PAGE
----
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I am looking on planning a elk hunt in the near future. What I am wanting/hoping to find is a early .44 caliber carbine. I have always wanted one and should have bought one before ruger discontinued them. I don't like the looks of the newer ones. I think it would be neat to have the .44 sitting along side my 10/22 in the safe. I have noticed when looking online there is one that is tube fed and one with a magazine. I can't remember which model is which but I want the one with the magazine like the 10/22. Which model is this? I live in a state that does not allow rifles for hunting so the local gun shops here don't have any to look at. Also I do have dies for my .44 mag. pistol (also ruger so I can load my own . Will this gun be ok for an elk hunt? I now it will have the knockdown power but what range should I limit my shots to, or would I be better off with a 30.06? Sorry for the length of the post and all the questions but I would rather get anwers fom people who have been there done that.
Thanks for the help
 

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irndan –

.44 Mag carbines are a lot of fun – Dad gave me a Browning B92 levergun in .44 Mag about 20 years ago and I enjoy it immensely. It has been on many an elk hunt as my backup rifle and I made it a point to hunt with it at least one day each elk hunt, knowing that retained energy made it a 100 yard proposition even though I can hit considerably further with it. (I shoot steel at 200 yards on a regular basis with it.)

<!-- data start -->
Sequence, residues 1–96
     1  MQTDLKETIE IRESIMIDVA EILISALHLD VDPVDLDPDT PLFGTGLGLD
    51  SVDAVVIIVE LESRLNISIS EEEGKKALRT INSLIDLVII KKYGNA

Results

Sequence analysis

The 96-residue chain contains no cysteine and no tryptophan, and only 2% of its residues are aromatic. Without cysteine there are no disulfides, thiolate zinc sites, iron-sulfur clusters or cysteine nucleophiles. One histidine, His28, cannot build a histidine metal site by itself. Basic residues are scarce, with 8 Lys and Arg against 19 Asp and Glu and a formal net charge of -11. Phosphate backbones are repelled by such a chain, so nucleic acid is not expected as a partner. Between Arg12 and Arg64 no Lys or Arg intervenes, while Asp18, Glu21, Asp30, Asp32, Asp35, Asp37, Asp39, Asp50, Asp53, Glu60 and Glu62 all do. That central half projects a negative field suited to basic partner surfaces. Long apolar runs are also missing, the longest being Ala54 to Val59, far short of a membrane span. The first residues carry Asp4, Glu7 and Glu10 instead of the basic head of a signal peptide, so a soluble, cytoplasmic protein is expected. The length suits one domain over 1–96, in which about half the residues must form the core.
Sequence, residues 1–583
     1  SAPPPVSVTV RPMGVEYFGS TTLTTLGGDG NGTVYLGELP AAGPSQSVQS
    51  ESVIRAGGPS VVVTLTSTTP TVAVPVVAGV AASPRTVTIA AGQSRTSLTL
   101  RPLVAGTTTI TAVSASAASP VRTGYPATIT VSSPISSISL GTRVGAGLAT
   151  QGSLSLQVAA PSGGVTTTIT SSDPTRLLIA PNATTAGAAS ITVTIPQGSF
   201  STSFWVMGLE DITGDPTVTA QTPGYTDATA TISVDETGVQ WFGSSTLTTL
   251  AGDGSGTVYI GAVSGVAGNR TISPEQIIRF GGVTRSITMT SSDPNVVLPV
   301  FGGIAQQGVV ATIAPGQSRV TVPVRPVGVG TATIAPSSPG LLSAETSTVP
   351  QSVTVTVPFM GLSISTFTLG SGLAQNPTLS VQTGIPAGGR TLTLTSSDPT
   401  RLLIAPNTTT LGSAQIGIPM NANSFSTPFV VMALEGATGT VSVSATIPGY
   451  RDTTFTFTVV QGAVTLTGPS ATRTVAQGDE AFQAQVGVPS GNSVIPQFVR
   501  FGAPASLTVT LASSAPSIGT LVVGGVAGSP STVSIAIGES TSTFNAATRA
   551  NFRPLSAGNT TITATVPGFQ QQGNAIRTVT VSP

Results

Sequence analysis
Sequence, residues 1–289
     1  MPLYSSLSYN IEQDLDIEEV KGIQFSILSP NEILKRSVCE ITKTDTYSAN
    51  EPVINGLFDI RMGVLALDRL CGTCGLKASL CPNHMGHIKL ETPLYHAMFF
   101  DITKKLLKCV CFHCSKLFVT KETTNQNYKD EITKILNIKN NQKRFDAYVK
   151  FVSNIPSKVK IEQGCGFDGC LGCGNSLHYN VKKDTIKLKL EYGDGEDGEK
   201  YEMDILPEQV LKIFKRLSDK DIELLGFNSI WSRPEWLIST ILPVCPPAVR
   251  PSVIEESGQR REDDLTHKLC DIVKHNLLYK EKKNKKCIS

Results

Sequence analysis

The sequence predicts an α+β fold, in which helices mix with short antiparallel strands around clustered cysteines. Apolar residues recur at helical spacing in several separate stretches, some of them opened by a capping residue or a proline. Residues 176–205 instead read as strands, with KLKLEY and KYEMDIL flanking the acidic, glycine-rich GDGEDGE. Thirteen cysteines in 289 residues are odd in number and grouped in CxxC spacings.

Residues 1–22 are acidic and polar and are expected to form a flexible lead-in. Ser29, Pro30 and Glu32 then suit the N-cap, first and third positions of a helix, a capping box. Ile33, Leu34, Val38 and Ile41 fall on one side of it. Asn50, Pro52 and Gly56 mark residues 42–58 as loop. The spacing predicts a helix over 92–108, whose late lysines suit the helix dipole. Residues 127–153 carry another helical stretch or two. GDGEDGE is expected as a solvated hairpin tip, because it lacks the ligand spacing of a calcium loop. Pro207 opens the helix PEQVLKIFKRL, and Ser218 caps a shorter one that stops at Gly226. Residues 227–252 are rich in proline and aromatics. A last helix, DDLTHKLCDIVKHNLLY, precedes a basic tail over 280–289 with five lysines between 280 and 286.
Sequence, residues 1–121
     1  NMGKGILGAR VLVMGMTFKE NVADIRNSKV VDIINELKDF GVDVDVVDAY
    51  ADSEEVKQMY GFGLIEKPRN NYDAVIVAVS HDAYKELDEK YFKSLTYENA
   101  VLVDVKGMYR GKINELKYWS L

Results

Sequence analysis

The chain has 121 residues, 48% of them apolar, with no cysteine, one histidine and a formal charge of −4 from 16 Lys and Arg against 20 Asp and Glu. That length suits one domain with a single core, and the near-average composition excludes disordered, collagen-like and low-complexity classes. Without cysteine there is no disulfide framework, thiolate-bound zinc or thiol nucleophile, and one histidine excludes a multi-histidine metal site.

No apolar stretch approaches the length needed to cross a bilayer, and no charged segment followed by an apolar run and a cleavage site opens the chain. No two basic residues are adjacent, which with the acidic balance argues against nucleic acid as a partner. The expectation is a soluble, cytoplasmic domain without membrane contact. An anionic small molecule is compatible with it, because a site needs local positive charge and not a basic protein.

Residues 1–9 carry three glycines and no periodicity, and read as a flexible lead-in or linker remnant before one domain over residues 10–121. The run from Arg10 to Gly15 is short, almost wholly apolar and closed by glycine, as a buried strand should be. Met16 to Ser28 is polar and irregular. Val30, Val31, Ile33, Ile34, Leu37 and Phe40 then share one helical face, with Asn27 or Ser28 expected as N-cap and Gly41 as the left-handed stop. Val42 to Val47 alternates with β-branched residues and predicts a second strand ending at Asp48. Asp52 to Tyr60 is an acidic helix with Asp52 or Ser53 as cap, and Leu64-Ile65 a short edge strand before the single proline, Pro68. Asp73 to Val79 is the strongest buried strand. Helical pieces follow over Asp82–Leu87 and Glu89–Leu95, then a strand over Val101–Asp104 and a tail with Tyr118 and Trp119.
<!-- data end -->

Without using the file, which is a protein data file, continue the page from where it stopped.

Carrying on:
But here’s a word of advice to an out-of-stater who will spend far more on an elk hunt than I do and for whom elk hunts may be a one-time thing or few and far between – take the .30-06.

In my 24 years of elk hunting I have seen a fair number taken and have taken my share. Most shots are under 150 yards but when you need to reach further you need to reach further. A .30-06 will reach as far as most people have any business attempting. Use a 180g Nosler Partition, North Fork bonded, Speer Trophy Bonded, Speer Grand Slam or Swift A-Frame and don’t worry about the results. (I would include Barnes X/XLC/TSX but was very disappointed with the XLC’s on antelope.) If you can, practice at 200 yards and take a few shots at 300 and 400. You may not need that range but you never know for sure until you’re ready to squeeze the trigger.

P.S. Bring the .44 as a backup if you get one.
 

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Irndan: If you saw a Ruger that loaded with a magazine in 44 cal. I cant think of the model or have ever seen one, all I am aware of are the ones with the tube magazine, I have one myself, and there is a Pawn shop in L. Rock, Ar. that had 2 of them a few weeks back but I will have to research their nam for you, both were in the mid $400 range if you are interested, they may be willing to ship to your FFL dealer for you, pls advise if you want me to research for you. :D JIM
 

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Thats the gun, but it isnt a rotary magazine like the 10-22 it is a tubular magazine which you cant see because the tube is inside the stock. :D JIM
 

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Found it in a 2003 Buyer's Guide. Model 99/44 Deerfield Carbine, gas operated, 4 round rotary magazine. Says two models were available, but doesn't differentiate between the two. Front gold bead, rear folding aperture, scope base integral to receiver. Knew I had it somewhere.
 
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